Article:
Lucy: the ‘mother of humanity’ turns 47 since her discovery

Wednesday November 24 marks the 47th anniversary of the oldest skeleton called “Lucy”, made by archaeologists Donald Johanson and Tom Gray in 1974. Australophithecus afarensis has been considered the ‘mother of humanity’.

Lucy’s discovery in the Afar desert in Ethiopia was the ‘missing link’ in human evolution and marked the end of an ongoing debate about the origins of man in Africa.

Lucy’s name is said to come from the Beatles song “Lucy in the sky with diamonds,” a song that researchers heard on the night of the discovery.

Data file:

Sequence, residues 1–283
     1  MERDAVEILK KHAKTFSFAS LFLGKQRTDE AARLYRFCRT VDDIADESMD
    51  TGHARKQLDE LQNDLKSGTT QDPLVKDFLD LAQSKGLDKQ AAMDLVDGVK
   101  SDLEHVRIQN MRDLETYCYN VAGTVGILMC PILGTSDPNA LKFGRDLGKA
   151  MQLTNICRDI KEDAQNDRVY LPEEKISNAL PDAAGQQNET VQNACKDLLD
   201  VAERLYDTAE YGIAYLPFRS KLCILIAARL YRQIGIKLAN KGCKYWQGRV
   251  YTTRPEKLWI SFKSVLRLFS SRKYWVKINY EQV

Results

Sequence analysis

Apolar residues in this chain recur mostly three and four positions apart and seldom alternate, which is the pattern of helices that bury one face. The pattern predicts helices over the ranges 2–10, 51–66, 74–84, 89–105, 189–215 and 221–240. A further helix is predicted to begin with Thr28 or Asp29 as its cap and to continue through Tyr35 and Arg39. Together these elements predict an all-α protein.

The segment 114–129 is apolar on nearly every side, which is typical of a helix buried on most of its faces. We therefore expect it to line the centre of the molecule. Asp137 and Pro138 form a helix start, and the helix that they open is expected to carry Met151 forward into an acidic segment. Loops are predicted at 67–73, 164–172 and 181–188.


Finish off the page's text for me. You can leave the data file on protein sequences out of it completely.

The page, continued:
Thanks to the skeletal remains of the ‘mother of humanity’ it was possible to deduce about her gait. Studies of its pelvis revealed that this species walked upright, in contrast to the chimpanzee, which uses all four legs to move.

Also, his pelvis was like the current one, wide with the hipbones forming a bowl. His legs were relatively short and arms long. So it was an important bridge between what are now considered ancient and modern species.

The Australopithecus afarensis species became extinct about 3 million years ago and the oldest evidence of Homo is from 2.3 million years ago.

“That means the rise of our own genus occurred between 2.3 and 3 million years ago,” Donald Johansson said recently.